July 31


The Advanced Autopilot Sales Technique

Warning: only use if you’re really lazy…or really smart

A few weeks ago we talked about building the ultimate Twitter growth machine.
The goal of the Twitter growth machine is to grow your email list automatically with no effort on your part (once the initial system is set up).
The question is: what next?
Option 1: Spend hours and hours every week grinding out new blog posts in order to sell your product or service….
This works but it’s time consuming and will probably lead to burnout.
Option 2: Create an autoresponder sequence that automates your sales funnel (so every new twitter follower who turns into a subscriber, then turns into a customer).
Option 2 takes a little work up front, but the payoff is a completely automated system that sells your products or services even while you sleep.

The Advanced Autopilot Sales Technique

In the next 5 steps, I’m going to show you how to strategically create and deploy an autoresponder sequence to turn leads into sales.
Here goes:

Step 1: Identify the Premium Product You Want to Sell

Creating an effective autoresponder sequence is all about working back from the goal.
At the end of the day, you want people to buy your most expensive product.
That said – you’re not actually going to SELL your premium product in your autoresponder – not at first at least. Instead, your autoresponder should be set up to get people ready to make a big purchase.
By identifying the premium product you want to sell, you can work backward, asking the question: what would lead me to want to buy this product?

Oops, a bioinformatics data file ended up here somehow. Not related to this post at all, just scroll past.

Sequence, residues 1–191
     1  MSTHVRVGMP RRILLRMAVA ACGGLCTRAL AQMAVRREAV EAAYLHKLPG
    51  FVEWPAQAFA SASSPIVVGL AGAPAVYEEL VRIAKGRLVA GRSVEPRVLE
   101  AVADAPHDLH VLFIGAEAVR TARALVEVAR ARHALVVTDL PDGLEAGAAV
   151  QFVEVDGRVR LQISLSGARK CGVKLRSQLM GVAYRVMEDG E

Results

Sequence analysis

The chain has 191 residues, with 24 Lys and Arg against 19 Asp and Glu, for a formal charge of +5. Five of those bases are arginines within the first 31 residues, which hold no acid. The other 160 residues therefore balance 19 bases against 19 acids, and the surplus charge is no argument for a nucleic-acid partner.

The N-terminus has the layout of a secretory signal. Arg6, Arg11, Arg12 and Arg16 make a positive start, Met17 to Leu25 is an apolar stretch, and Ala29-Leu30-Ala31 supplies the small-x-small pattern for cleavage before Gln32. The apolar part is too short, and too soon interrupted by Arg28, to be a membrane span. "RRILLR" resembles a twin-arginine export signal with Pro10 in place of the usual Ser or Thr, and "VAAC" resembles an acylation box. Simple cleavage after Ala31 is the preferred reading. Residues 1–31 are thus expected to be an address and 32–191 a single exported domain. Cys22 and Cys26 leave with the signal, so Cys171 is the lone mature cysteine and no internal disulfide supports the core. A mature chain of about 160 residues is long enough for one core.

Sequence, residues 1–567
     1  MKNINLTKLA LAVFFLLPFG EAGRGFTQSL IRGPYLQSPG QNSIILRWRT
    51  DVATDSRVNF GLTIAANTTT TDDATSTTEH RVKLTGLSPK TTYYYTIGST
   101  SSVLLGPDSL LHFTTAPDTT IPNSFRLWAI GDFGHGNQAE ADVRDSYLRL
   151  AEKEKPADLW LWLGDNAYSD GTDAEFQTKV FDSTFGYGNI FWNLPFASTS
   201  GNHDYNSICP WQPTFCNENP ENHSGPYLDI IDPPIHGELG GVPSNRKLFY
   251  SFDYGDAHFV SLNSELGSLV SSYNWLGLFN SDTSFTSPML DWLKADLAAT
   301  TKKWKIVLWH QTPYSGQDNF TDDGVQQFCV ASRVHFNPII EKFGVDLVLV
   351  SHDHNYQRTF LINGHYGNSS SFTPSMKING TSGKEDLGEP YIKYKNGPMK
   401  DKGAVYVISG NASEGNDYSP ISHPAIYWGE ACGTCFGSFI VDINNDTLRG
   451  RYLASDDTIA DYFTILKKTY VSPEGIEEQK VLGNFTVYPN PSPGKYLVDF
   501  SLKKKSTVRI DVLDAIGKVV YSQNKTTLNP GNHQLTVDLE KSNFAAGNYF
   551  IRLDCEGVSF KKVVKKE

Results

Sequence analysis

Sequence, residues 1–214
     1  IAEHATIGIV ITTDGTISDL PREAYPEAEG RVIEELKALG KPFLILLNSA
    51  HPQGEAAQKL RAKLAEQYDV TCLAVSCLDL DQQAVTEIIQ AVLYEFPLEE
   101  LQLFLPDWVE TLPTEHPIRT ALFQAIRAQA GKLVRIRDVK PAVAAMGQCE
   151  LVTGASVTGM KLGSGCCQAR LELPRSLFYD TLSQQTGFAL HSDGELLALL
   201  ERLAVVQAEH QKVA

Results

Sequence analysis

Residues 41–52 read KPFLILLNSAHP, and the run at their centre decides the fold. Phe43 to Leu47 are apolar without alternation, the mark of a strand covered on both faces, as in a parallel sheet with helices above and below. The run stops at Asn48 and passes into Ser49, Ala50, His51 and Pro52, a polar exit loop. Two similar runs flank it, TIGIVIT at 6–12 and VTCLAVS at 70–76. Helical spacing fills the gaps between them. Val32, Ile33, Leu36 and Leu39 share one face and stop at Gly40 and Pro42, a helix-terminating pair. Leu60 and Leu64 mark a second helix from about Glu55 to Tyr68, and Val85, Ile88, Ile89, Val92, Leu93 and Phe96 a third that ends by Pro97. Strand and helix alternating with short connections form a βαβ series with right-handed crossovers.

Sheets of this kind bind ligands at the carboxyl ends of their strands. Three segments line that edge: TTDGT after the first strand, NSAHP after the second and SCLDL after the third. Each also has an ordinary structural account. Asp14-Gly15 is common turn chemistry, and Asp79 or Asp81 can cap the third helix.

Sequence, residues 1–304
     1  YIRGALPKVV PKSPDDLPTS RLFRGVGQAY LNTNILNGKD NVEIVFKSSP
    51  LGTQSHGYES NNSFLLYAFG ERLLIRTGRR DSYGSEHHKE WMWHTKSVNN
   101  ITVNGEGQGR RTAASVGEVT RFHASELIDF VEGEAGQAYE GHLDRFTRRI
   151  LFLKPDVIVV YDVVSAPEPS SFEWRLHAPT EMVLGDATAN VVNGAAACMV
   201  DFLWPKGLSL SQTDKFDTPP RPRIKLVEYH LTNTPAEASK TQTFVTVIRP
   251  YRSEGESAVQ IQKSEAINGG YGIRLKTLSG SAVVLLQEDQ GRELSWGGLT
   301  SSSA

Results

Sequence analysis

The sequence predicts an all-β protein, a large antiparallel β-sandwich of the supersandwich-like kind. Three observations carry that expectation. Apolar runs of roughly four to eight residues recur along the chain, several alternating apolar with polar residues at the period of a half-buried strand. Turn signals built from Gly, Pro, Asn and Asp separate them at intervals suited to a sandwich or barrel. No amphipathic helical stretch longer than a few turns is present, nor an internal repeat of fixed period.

Which brings us to step 2…

Step 2: Wireframe Your Autoresponder

Before you start writing emails, outline the topic of each email and why each one is important leading, ultimately, to the premium sale.

How Long Should an Autoresponder Be?

There’s varying advice on how long an autoresponder ought to be before you sell something. Some people say one or two emails, others 7 to 10 emails, others 20+ (well, maybe not that many…).
The answer is: it depends.
If you’re selling on authority (education, training, etc.), 7 – 10 emails helps to build trust.
If you’re selling on status (high end watches, suits, perfume, whatever), no need to build trust: just sell. One or two emails might be enough (especially if you show a celebrity using your product).
Same goes for discounts – no one needs time to build trust before buying a Groupon.

How to Structure Your Autoresponder

Regardless of how long your autoresponder is, you need to consider how each email progressively leads to the goal (premium purchase).
I mentioned in step 1 you’re not selling your premium product at first. Instead, you want to get the customer to consistently saying “yes”, first through engaging with your content (open and click through rates), then through their wallet (by getting them to make smaller purchases).
Nathan Barry, who has made hundreds of thousands from powerful autoresponder campaigns, builds trust over the course of 7 – 10 emails, hinting at and then finally hard selling the premium product he wants to sell.
It goes something like this:
Reader Subscribes

  • Email 1: introduce yourself and what you do (and remind readers why they are on your list)
  • Email 2: educate
  • Email 3: educate
  • Email 4: educate + introduce the product
  • Email 5: educate
  • Email 6: educate
  • Email 7: hard sell the product
  • Email 8: educate
  • Email 9: educate + soft sell the product

As you can see, Nathan is trying to build trust with his readers because he sells on authority (training, education, etc.). Every piece of education is something that primes the reader for the meat-and-potatoes of his offer: one of his premium products.
However many emails you include in your autoresponder, make sure each one has a purpose and progressively moves the reader to your product.
For more on how to build an autoresponder sequence, check out Nathan Barry’s awesome article on email marketing.
Neville Medhora

Step 3: Write Awesome Emails

Nobody cares about boring emails.